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Auteur: Ermenegildo BIDESE

Co-Auteur(s): Andrea PADOVAN, University of Verona, Italy Alessandra TOMASELLI, University of Verona, Italy

Why generative linguistics does resist the concept of Protolanguage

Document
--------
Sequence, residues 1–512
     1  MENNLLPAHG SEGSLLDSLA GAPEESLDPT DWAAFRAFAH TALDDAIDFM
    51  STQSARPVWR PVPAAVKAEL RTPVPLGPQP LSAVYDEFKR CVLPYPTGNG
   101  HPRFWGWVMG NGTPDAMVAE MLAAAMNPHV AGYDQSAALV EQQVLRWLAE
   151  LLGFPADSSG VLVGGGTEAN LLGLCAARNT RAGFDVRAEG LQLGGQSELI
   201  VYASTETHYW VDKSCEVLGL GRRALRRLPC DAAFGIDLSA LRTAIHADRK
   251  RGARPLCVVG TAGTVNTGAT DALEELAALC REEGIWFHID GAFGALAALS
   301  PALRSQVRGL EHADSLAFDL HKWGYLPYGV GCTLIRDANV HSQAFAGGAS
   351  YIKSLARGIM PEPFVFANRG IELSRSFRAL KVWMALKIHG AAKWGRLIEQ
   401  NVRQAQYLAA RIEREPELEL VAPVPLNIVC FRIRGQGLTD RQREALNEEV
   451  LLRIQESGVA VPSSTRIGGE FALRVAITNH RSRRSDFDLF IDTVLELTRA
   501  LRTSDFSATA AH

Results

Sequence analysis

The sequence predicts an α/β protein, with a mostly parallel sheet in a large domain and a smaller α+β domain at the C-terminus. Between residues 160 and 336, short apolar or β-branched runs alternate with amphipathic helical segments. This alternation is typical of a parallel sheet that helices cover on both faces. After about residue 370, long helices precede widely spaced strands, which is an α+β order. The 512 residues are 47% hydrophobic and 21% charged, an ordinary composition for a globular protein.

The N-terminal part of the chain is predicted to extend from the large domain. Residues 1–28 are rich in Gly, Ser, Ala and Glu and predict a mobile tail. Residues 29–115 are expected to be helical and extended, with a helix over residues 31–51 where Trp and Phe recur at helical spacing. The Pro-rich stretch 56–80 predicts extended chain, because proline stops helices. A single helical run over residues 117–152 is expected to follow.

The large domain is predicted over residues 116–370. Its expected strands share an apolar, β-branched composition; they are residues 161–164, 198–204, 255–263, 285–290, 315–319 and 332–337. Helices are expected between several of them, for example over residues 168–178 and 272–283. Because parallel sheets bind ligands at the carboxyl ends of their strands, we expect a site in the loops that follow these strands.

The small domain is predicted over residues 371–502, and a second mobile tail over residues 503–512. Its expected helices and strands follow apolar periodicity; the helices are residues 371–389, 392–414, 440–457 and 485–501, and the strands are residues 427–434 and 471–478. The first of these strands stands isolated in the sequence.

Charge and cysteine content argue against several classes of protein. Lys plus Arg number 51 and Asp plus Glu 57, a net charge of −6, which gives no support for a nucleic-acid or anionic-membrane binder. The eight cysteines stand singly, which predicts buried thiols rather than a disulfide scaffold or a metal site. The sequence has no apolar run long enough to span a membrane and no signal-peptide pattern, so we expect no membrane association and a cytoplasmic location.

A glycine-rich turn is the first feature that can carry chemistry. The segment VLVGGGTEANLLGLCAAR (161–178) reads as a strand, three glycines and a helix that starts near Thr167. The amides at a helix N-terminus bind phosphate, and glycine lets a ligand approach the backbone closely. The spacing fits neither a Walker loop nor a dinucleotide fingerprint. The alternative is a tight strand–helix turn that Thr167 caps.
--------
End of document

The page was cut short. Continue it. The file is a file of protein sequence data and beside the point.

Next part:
Abstract/Résumé: The notion of protolanguage (PL) has characterized the debate on language origin and evolution in the past two decades. Within the generative framework, Rizzi (2010) has proposed to widen the range of the syntactic operation Merge (M) which was first introduced as core device of the faculty of language (Chomsky 1995) proposing a finer-grained articulation of it in a three-stage complexity scale: 1. Primary M (head-head M) = two words stage; 2. Recursive M (head-phrase M) = head-complement stage; 3. Phrasal M (phrase-phrase M) = specifier-head stage + movement. Conceiving M in terms of a complexity scale allows us to identify the first two stages as the precursors of the human language faculty in a proper sense making the notion of PL compatible with the generative view. In our contribution we delve into the M-based complexity scale, ending up with the question as to what the first step of this scale looks like. In fact, we take the ingredients belonging to Phrasal M to be effective from the outset. A two-word combination is not the mere sum of two elements but implies hierarchy and hence, potentially, the mechanism of recursion. In our perspective, it is the rise of Functional Categories (FC) that distinguishes between non-language and language: even within a M-based complexity scale the simplest version of M must already imply the head or the selector/determiner. The real question is how FCs suddenly arose as soon as M became available. What we focus on is the role of a third element/position per se, which breaks the symmetry of Primary M and leads to the explosion of fuctional elements. Even when two elements combine a subset of FCs must be there to break the symmetry of “two-word” combinations. In conclusion, the decomposition of M remains an interesting theoretical speculation without any relevant consequence with respect to the definition of PL.